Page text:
The WordPress XML-RPC API has been under attack for many years now. Back in August 2014, WordPress released version 3.9.2, fixing a possible denial of service issue in PHP’s XML processing. There are brute-force amplification attacks, reported by Sucuri, and so on. So, how do you protect WordPress from xmlrpc.php attacks, but still being able to use (some of) its functionality like Jetpack? This post gives you some insight.
Imperva’s Web Application Attack Report shows spam is WordPress’ largest security threat. Imperva, an international cyber security company founded in 2002, published its 2015 web application attack report. The report includes a thorough analysis of attack data obtained through its Web Application Firewall (or WAF).
Rewrite and proxy HTTP requests in IIS. In my case scenario, I had to proxy requests on IIS, because a website was moved from web server A to B, and the DNS wasn’t updated yet. All HTTP requests for the moved website are handled in IIS’ Default Web Site; that’s the wildcard host, and the original host no longer existed there. We needed to match our website and proxy those requests to the new IIS web server. This can either be done using a proxy with URL Rewrite, IIS Application Request Routing (ARR), or a
.htaccess file handled by Helicon Ape.
The Baidu spider (BaiduSpider user agent) can be a real pain to block, especially since it does not respect a robots.txt as it should. The following IIS URL Rewrite snippet blocks the Baidu spider based on its User-Agent string.
Do you host your WordPress website on Windows Server IIS? Having trouble with your web.config? I often receive questions about how to use a web.config file in WordPress on Windows Server, and which settings are important for a WordPress website. Maybe it’s because I’m a WordPress on IIS enthusiast, so here is my web.config for your convenience (really, it’s not that special).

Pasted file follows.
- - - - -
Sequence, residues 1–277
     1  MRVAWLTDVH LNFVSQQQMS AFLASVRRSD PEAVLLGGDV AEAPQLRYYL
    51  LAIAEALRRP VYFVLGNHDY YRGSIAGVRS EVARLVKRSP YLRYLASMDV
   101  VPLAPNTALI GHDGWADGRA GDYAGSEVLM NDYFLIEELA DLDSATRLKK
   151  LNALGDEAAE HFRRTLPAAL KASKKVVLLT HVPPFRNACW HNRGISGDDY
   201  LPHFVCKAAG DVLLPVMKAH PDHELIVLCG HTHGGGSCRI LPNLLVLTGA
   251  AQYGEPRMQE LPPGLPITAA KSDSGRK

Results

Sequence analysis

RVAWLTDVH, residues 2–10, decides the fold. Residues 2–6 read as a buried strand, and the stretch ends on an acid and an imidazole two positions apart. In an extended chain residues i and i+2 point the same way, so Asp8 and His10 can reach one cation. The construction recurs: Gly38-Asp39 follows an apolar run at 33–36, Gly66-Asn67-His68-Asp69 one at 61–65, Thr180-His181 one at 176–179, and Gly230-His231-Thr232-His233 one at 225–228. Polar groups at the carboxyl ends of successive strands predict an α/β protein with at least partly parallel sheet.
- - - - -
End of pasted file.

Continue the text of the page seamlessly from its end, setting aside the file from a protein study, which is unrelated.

The following PHP function will disable the execution of PHP scripts in WordPress’ wp-content/uploads, on IIS web servers. Securing the WordPress uploads folder is important. In many hacked WordPress sites, a PHP backdoor is found within the
WP_CONTENT_DIR/uploads directory. Often because this is the location where uploads are placed automatically. From the backdoor within
wp-content/uploads other backdoors are uploaded to various locations, and scripts are injected with malware.
An HTTP to HTTPS redirect on IIS is often better left to the web server, with a simple httpRedirect redirection, than to a resource expensive URL Rewrite. Where possible, use the IIS
httpRedirect element for IIS HTTP to HTTPS redirection, and here is how:
WordPress xmlprc.php DDoS and brute-force attacks. How to identify, block, mitigate and leverage these xmlrpc.php scans, brute-force, and user enumeration attacks on WordPress sites… Secure WordPress xmlprc.php interface and reduce service disruption.
How to remove HTTP response headers in IIS 7, 7.5, 8.0, 8.5, and ASP.NET. Windows Server IIS loves to tell the world that a website runs on IIS, it does so with the Server header in the HTTP response, as shown below. In this post I’ll show you how to remove response server headers in IIS. You don’t want to give hackers too much information about your servers, heh? ;-).
uses used URL Rewrite Outbound Rules in IIS, to offload content from a different server and/or host name. This should improve website performance. Just recently I noticed Outbound Rules conflicted with gzip compressed content. I started noticing HTTP 500 error messages:
Outbound rewrite rules cannot be applied when the content of the HTTP response is encoded ("gzip").. Here is how to fix that error.
The less spammers hit your WordPress blog, the better your blog performs, is one of my opinions. A second is, the less unnecessary plugins you use on your WordPress blog, the better. So, a little while ago I decided to remove plugins like Stop Spammer Registration Plugin and do its work myself. Here is why & how:Read More
This website Saotn.org is hosted on Windows Server 2012 with IIS 8.0 with WordPress for a few months now, and everything is running very smooth. And I would never hit this bug because I don’t need to change my permalinks structure, or save any other plugin setting which would want write to a web.config file. One of my colleagues on the other hand, just moved his website to one of our IIS 8.0 web servers and he noticed he couldn’t save his Permalinks structure in the IIS web.config file. This can be pretty annoying ;-) Quick fix attached…